“The Anglican Communion, with its fellowship of Churches, has a special responsibility at this time in the world. We have no doctrine of our own—we only possess the Catholic doctrine of the Catholic Church enshrined in the Catholic creeds, and those creeds we hold without addition or diminution. We stand firm on that rock. We know how to bring to bear on our Christian devotion and creed all the resources of charity and reason and human understanding submitted to the guidance of the Holy Spirit.”
- Abp. Geoffrey Fisher (Church Times, 2 February 1951)
Anglicans do not maintain confessional documents as such, nor does it maintain a detailed catechism such as the Roman Catholic Church does, but rather, holds to the principle of lex orandi, lex credendi. The law of prayer is the law of belief, attributed to St. Prosper of Aquitaine, suggests that the beliefs of the Church are articulated in its prayers, rather than in administrative documents. As such, the Book of Common Prayer itself acts as the guardian of faith and belief for those in the Anglican spiritual tradition, which includes Episcopalians in the United States.
The 1979 Book of Common Prayer authorized for use in The Episcopal Church as our standard of doctrine and worship therefore outlines key beliefs about God in the Nicene Creed, the Church in the Chicago-Lambeth Quadrilateral and the means by which we relate to God and his grace through the sacramental liturgies of the Eucharist and Holy Baptism, as well as through the authority of Holy Scripture itself.
Catechism of the Episcopal Church
Expand the sections below to see what the church teaches about each of the following doctrines.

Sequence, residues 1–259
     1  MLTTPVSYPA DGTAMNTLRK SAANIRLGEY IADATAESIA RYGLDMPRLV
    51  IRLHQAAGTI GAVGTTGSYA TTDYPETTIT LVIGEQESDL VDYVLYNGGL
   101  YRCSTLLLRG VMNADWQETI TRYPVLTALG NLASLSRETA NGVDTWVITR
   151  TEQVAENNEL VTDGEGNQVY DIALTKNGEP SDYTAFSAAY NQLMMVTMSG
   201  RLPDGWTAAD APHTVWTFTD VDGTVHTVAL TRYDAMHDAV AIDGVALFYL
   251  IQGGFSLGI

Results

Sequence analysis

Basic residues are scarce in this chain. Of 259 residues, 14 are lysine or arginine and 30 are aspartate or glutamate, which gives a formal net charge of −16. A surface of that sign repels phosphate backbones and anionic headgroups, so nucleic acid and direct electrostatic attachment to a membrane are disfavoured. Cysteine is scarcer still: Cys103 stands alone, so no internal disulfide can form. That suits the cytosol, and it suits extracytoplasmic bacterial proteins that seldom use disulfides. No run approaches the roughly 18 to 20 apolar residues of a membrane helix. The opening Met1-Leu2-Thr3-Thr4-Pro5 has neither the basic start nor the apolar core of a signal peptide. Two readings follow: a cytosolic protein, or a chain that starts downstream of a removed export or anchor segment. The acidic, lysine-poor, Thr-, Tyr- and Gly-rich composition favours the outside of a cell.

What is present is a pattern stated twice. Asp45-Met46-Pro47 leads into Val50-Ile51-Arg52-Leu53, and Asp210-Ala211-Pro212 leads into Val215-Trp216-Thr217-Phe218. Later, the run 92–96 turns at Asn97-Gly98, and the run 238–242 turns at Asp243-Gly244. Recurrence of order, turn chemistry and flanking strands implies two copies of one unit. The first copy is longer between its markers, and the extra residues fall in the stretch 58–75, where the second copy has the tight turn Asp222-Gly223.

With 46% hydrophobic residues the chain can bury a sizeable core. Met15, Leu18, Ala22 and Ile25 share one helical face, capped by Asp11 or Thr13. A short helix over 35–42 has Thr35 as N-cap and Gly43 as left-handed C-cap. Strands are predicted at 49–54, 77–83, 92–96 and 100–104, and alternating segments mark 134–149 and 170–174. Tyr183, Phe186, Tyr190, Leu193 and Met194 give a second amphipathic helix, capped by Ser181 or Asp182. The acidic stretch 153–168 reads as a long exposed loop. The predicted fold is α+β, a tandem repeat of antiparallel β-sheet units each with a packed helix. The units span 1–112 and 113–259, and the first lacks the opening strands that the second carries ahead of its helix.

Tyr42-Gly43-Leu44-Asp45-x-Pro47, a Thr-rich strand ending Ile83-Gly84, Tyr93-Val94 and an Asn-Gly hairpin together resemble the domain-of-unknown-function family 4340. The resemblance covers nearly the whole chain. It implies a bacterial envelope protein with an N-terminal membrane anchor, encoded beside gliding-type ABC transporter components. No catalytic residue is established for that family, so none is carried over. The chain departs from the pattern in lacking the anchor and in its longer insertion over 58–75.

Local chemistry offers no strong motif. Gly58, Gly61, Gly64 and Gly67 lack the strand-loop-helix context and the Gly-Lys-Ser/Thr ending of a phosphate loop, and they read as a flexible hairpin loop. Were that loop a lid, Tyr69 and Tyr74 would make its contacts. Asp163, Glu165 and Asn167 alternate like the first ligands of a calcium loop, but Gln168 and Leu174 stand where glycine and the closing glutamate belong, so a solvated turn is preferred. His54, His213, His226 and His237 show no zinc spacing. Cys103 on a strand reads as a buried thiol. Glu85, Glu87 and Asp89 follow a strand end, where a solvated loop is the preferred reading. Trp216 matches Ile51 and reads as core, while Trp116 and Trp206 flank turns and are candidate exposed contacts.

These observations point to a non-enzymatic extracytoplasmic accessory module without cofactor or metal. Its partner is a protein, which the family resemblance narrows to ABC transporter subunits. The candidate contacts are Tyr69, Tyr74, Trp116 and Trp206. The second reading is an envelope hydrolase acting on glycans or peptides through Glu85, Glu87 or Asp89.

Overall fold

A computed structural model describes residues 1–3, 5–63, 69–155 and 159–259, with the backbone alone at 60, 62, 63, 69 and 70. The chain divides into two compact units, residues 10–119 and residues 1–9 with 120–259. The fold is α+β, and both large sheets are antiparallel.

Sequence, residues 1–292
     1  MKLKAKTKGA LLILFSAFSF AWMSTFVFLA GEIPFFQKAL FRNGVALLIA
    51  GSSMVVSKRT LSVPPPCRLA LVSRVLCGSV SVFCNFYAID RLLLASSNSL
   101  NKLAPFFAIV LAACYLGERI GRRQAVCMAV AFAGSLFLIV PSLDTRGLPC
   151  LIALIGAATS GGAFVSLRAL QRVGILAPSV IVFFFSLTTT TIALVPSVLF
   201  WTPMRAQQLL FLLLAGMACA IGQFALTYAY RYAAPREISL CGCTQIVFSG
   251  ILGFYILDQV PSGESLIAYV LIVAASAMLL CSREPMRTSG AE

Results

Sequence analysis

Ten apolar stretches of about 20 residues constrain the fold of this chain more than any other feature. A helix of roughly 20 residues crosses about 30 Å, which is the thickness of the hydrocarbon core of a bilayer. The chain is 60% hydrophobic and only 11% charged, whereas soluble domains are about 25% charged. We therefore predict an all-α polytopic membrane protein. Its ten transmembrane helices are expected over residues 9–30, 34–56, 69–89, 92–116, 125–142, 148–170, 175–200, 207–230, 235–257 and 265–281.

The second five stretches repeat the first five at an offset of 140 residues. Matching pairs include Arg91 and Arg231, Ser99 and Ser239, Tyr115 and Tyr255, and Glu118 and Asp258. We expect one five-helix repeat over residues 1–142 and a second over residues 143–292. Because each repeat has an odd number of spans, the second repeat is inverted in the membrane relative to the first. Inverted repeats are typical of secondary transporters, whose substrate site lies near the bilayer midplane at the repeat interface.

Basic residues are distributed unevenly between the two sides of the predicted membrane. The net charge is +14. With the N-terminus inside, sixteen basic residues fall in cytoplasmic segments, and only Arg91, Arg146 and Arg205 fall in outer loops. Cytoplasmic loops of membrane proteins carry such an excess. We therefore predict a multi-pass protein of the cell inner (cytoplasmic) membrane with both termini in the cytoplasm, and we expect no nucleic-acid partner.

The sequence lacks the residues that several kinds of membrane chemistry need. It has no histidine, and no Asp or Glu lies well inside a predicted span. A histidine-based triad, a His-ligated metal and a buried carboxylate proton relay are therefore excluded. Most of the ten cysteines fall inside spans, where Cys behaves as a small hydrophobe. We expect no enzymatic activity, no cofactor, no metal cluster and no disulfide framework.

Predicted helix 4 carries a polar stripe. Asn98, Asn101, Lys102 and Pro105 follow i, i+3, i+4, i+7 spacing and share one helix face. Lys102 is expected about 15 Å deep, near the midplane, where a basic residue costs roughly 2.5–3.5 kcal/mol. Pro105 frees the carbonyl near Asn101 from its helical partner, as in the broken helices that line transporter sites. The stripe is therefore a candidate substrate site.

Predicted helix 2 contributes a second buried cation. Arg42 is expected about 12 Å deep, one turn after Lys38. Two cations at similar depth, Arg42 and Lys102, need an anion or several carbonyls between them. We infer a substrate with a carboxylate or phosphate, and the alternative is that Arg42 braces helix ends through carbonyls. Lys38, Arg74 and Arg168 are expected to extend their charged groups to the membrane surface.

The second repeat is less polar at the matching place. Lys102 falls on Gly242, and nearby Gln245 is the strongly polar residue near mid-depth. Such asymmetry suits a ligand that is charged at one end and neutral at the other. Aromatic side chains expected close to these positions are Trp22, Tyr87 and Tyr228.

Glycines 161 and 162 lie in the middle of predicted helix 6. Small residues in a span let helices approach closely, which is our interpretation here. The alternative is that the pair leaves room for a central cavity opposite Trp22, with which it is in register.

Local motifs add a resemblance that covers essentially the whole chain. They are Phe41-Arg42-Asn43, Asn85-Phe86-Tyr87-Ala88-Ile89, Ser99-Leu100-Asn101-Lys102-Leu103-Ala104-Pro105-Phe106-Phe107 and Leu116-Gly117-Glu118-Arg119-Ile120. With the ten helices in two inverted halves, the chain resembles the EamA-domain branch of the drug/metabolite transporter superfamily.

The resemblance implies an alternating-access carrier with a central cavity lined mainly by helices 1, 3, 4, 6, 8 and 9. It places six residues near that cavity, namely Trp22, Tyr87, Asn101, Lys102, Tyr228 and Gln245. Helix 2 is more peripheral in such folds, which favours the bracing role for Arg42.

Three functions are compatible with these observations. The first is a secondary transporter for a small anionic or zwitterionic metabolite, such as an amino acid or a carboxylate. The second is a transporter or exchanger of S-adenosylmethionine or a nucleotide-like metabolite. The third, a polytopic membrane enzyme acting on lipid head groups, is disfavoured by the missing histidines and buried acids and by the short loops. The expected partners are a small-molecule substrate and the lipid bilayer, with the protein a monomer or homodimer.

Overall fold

Q. What are we by nature?
A. We are part of God's creation, made in the image of God.
Q. What does it mean to be created in the image of God?
A. It means that we are free to make choices: to love, to create, to reason, and to live in harmony with creation and with God.
Q. Why then do we live apart from God and out of harmony with creation?
A. From the beginning, human beings have misused their freedom and made wrong choices.
Q. Why do we not use our freedom as we should?
A. Because we rebel against God, and we put ourselves in
the place of God.
Q. What help is there for us?
A. Our help is in God.
Q. How did God first help us?
A. God first helped us by revealing himself and his will, through nature and history, through many seers and saints, and especially the prophets of Israel.
God the Father
Q. What do we learn about God as creator from the revelation to Israel?
A. We learn that there is one God, the Father Almighty, creator of heaven and earth, of all that is, seen and unseen.
Q. What does this mean?
A. This means that the universe is good, that it is the work of a single loving God who creates, sustains, and directs it.
Q. What does this mean about our place in the universe?
A. It means that the world belongs to its creator; and that we are called to enjoy it and to care for it in accordance with God's purposes.
Q. What does this mean about human life?
A. It means that all people are worthy of respect and honor, because all are created in the image of God, and all can respond to the love of God.
Q. How was this revelation handed down to us?
A. This revelation was handed down to us through a community created by a covenant with God.
The Old Covenant
Q. What is meant by a covenant with God?
A. A covenant is a relationship initiated by God, to which a body of people responds in faith.
Q. What is the Old Covenant?
A. The Old Covenant is the one given by God to the Hebrew people.
Q. What did God promise them?
A. God promised that they would be his people to bring all the nations of the world to him.
Q. What response did God require from the chosen people?
A. God required the chosen people to be faithful; to love justice, to do mercy, and to walk humbly with their God.
Q. Where is this Old Covenant to be found?
A. The covenant with the Hebrew people is to be found in the books which we call the Old Testament.